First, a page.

Malignant peripheral nerve sheath tumors (MPNSTs) are rare mesenchymal neoplasms that represent a profound therapeutic challenge due to their high proclivity for recurrence and metastasis and relatively poor response to systemic therapy regimens. While our understanding of the pathophysiology of MPNST is growing, including loss of the tumor suppressor gene neurofibromin and subsequent activation of the Ras pathway, targeted therapy to modify the poor prognosis seen in MPNST patients has thus far been without success. Correspondingly, MPNST patients are treated as per soft tissue sarcoma treatment algorithms with anthracycline-based therapy as the front-line therapy of choice for patients with unresectable, locally advanced, or metastatic MPNST. Beyond first-line anthracycline-based therapy, other standard cytotoxic chemotherapy agents used in advanced MPNST include the alkylating agent ifosfamide and the topoisomerase II inhibitor etoposide. Notably, soft tissue sarcoma regimens are used in MPNST despite distinct systemic therapy sensitivity and prognosis. This is particularly notable for neurofibromatosis type 1 (NF1)-associated MPNST, which is associated with poorer response to systemic therapy and prognosis than sporadic MPNST. As such, NF1-associated MPNST is a particular area in need of novel therapeutic strategies. Given the lack of benefit in the targeting of unique aspects of MPNST disease biology thus far, pre-clinical studies to identify novel rational therapies are critical to inform future clinical trials.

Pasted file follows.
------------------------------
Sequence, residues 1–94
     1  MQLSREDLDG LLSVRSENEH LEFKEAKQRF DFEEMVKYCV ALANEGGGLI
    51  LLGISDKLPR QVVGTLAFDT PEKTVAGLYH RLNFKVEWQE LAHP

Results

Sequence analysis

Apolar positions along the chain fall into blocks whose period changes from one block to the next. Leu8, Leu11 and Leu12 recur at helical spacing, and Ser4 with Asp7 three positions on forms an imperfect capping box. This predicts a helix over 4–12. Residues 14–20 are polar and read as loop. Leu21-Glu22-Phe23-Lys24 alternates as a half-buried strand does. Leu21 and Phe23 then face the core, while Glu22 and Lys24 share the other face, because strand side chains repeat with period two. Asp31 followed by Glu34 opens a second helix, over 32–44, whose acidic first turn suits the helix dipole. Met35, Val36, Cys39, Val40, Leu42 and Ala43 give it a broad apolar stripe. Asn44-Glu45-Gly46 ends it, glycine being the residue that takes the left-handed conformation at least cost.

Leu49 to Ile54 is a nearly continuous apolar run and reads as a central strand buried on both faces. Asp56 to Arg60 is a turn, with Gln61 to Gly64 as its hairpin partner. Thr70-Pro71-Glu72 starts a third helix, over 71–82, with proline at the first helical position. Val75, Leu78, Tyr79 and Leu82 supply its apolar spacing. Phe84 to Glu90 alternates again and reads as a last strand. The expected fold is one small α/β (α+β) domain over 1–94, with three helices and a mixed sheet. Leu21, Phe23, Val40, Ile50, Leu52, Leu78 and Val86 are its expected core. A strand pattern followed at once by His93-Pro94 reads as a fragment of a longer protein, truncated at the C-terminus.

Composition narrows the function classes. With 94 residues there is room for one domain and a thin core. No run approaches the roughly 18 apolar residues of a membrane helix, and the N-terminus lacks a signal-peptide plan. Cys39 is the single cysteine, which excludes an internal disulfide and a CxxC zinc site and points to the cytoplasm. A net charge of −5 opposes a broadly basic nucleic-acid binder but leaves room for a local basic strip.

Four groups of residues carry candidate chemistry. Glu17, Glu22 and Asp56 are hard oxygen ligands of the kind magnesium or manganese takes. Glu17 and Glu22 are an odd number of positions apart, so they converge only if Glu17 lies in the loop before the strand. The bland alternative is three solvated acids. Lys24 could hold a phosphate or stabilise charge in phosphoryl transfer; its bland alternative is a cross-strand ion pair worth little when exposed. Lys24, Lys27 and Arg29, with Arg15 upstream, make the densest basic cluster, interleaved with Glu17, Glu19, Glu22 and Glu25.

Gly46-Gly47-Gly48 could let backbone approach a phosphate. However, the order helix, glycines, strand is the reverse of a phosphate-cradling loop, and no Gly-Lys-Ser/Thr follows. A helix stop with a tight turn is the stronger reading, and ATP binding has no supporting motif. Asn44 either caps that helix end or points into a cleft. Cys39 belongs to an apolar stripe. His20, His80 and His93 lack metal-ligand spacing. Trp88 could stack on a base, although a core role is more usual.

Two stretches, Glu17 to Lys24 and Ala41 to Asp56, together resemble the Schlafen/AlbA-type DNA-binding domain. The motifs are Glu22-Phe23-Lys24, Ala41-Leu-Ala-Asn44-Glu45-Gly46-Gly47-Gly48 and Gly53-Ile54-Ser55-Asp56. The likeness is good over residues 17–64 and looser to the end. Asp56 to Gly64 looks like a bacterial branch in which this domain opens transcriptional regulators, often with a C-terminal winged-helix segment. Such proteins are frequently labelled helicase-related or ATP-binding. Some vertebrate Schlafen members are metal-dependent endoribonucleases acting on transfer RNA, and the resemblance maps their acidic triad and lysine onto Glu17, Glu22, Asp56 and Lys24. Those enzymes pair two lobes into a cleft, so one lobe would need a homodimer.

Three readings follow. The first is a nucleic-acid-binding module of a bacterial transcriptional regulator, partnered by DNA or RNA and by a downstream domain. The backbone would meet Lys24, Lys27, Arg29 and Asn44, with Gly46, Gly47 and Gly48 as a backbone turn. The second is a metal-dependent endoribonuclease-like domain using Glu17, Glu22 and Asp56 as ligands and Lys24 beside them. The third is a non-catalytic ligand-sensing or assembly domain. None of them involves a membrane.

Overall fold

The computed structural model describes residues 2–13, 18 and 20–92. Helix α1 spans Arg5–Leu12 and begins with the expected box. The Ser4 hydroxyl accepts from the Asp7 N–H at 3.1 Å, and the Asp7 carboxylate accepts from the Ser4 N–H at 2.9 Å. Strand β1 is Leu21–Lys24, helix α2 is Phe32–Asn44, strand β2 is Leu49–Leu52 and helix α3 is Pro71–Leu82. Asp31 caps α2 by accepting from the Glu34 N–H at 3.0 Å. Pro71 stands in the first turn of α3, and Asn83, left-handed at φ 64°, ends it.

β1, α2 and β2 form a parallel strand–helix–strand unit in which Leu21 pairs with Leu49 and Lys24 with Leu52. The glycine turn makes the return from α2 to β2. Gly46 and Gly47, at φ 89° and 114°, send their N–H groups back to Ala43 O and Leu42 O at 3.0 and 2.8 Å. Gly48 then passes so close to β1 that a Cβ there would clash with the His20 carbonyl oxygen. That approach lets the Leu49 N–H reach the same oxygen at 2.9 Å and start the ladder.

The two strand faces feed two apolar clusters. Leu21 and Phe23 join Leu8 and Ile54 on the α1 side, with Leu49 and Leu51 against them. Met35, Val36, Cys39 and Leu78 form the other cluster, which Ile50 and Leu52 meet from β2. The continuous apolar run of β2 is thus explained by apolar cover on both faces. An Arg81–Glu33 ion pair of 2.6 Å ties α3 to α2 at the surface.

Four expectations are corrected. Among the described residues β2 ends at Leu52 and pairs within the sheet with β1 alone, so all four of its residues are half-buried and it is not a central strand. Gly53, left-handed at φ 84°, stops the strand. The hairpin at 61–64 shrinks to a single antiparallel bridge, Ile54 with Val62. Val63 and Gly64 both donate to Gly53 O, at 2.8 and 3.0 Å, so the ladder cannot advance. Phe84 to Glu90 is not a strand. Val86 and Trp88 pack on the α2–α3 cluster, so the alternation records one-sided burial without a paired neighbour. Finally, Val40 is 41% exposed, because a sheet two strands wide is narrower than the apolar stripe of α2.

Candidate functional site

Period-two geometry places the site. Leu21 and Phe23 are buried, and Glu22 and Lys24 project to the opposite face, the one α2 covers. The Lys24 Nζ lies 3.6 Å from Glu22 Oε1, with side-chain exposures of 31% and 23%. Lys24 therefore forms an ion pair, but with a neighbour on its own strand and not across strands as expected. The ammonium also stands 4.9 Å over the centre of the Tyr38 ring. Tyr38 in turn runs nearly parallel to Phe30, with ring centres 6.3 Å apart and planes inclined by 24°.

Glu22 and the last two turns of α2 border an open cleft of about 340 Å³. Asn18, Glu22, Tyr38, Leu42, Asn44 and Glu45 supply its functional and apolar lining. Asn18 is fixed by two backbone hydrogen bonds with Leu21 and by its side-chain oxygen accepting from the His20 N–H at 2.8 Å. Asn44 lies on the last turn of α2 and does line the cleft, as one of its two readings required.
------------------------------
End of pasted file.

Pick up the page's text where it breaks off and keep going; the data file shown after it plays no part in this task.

Trial registration: ClinicalTrials.gov NCT02700230.
Keywords: Chemotherapy; Malignant peripheral nerve sheath tumor; Metastatic; Neurofibromatosis; Ras.